[Customs Tariff (New Zealand Preference) Amendment (No. 5.)]

  1. That the Schedule to the Customs Tariff (New Zealand Preference) 1933-1960, as proposed to be amended by Customs Tariff (New Zealand Preference) Proposals, be further amended as set out in the Schedule to these Proposals, and that on and after the ninth day of September, One thousand nine hundred and sixty, at nine o’clock in the forenoon, reckoned according to standard time in the Australian Capital Territory, Duties of Customs be collected accordingly.
  2. That in these Proposals, “ Customs Tariff (New Zealand Preference) Proposals “ mean the Customs Tariff (New Zealand Preference) Proposals introduced into the House of Representatives on the following dates, namely: - 19th May, 1960; and 16th August, 1960.

Mr. Chairman, the Tariff Proposals which I have tabled relate to proposed amendments of the schedules to the Customs Tariff 1933-1960 and the Customs Tariff (New Zealand Preference) 1933-1960. They also propose the enactment of new legislation to replace the Customs Tariff (Canada Preference) 1931 and the Customs Tariff (Canada Preference) 1934-1960. The alterations will take effect to-morrow morning. The proposals include changes in duties on firearms, sensitized photographic papers and transfer media, laboratory and scientific glassware, and thiocarbamyl chemicals; and they arise from consideration of the Tariff Board reports on these commodities. I shall table the relevant Tariff Board reports shortly.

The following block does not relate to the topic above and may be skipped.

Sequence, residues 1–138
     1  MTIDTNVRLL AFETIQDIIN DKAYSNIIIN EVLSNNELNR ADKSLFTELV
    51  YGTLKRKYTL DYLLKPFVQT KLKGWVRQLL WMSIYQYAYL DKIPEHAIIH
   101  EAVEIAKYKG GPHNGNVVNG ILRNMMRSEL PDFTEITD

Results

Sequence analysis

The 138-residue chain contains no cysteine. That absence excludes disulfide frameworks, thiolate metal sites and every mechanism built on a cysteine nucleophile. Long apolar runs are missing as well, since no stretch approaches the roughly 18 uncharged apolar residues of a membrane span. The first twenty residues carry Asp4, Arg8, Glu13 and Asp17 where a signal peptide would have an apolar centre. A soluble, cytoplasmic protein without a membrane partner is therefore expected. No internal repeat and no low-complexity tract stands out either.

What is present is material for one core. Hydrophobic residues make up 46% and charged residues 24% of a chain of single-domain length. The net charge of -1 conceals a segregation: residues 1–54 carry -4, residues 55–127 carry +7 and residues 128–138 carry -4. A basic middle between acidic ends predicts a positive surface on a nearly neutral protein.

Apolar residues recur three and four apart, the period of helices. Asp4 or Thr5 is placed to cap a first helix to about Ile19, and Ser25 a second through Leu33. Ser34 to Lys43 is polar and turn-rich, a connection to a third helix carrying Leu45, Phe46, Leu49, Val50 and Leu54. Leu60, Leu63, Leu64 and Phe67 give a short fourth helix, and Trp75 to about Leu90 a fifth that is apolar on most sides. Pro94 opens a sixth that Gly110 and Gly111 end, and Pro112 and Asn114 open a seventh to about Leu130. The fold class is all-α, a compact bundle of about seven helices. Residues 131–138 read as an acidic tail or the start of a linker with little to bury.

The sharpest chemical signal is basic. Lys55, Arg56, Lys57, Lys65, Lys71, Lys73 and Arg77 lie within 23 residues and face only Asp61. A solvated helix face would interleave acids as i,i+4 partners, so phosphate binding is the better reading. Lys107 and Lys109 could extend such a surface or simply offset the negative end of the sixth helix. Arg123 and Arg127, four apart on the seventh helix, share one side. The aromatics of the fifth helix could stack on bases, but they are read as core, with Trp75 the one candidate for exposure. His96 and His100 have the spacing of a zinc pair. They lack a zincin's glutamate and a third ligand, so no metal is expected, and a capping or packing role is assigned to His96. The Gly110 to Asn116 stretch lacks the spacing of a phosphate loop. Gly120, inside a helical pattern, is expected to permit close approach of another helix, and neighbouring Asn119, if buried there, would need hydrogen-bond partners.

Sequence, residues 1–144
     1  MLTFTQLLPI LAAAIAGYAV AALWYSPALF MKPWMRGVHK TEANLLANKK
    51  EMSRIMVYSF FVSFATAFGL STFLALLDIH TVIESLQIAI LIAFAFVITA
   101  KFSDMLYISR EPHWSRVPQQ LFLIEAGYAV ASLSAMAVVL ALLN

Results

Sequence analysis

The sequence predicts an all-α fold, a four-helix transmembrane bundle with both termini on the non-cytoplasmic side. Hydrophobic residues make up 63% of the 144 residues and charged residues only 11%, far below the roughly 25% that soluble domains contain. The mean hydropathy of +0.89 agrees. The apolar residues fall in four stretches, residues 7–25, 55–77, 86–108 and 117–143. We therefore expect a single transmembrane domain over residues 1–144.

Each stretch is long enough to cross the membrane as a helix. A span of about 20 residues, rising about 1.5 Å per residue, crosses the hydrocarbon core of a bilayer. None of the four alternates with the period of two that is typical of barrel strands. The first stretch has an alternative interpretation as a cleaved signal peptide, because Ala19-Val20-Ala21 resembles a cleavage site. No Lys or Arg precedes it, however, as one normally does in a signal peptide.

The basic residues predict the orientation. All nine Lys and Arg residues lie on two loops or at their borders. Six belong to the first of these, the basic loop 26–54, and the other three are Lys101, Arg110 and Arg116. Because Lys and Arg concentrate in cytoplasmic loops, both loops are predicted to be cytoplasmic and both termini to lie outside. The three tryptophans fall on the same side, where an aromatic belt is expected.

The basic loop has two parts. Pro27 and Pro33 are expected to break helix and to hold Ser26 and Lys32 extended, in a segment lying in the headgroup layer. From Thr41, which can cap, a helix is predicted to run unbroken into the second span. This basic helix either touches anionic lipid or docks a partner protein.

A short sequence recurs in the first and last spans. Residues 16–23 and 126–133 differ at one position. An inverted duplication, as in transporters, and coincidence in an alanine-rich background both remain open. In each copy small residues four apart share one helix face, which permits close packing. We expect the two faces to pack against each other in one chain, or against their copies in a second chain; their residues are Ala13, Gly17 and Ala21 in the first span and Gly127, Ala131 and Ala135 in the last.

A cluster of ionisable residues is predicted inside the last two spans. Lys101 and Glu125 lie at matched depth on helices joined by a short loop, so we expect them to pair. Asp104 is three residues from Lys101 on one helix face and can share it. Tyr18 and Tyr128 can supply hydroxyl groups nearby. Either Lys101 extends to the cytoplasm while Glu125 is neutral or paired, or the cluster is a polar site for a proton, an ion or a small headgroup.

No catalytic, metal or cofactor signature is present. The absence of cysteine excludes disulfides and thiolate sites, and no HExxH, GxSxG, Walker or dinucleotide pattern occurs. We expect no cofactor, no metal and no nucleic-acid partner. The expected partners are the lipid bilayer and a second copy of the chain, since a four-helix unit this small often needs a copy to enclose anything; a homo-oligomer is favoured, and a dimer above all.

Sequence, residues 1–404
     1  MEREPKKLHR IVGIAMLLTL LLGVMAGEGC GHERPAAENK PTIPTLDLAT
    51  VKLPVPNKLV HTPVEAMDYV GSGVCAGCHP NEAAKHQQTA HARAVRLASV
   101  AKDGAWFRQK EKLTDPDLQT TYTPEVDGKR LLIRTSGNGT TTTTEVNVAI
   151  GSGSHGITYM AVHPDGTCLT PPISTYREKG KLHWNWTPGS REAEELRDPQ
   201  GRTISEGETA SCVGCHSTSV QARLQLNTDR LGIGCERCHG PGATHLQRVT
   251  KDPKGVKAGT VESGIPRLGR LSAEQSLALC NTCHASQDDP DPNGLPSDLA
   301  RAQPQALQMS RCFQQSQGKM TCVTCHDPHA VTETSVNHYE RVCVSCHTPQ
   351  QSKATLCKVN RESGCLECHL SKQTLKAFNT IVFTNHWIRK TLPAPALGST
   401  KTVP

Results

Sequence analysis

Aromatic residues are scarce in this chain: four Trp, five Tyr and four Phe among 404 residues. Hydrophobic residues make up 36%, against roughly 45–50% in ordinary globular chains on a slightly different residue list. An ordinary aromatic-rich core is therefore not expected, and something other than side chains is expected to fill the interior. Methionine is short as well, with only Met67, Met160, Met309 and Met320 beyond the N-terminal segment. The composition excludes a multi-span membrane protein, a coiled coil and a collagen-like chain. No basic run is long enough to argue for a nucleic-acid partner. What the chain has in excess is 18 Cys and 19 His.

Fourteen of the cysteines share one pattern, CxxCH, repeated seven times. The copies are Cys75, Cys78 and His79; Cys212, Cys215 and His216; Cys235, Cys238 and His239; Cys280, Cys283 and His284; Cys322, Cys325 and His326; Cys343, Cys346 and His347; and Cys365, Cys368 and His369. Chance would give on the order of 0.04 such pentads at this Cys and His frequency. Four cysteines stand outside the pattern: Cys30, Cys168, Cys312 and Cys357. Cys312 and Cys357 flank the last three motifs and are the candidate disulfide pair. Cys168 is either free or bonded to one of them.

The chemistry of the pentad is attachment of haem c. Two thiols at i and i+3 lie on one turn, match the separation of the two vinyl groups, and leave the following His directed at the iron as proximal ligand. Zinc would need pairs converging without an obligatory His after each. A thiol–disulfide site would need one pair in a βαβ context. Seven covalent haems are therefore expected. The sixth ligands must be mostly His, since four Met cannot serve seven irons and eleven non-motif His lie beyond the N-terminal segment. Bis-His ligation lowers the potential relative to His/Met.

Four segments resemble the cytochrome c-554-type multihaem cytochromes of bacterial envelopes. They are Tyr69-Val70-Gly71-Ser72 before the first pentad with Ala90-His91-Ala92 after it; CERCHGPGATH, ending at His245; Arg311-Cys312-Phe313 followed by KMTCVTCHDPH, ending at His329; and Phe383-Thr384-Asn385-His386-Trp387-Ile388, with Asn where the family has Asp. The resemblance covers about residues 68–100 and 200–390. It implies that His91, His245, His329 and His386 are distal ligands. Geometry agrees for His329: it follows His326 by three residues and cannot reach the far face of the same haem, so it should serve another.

The tariff structure on firearms has been revised. The important changes provide for protective duties of 15 per cent. British preferential tariff and 25 per cent, otherwise on .22 calibre single-barrelled rim fire rifles and various parts and for a reduction in the British preferential tariff-intermediate tariff margin on other firearms to the minimum permitted under the United KingdomAustralia Trade Agreement. It is also proposed to raise from £5 to £30 the penalty for unproofed firearms. This penalty, I might add, is intended to operate as a deterrent to the importation of weapons which have not been subjected to proof testing approved by the Minister for Customs and Excise.

Tariff protection is now accorded to photographic papers and transfer media of the image transfer types when in sizes of 400 square inches or less. Larger sizes remain unprotected. The papers affected are those types used in the photocopying of documents. Ordinary photographic papers are not affected.

Following a review of the local industry by the Tariff Board, protective duties are being imposed on laboratory and scientific glassware. The new rates will be 20 per cent, under the British preferential tariff and 30 per cent, under the intermediate and general tariffs. However, those goods which the Tariff Board has found are not being manufactured locally will be admitted under customs by-law at concessional rates of duty.

Concerning certain thiocarbamyl chemicals, which are used principally as agricultural fungicides, protective duties of 12$ per cent. British preferential tariff, and 30 per cent, otherwise, are now proposed in accordance with the recommendations of the Tariff Board.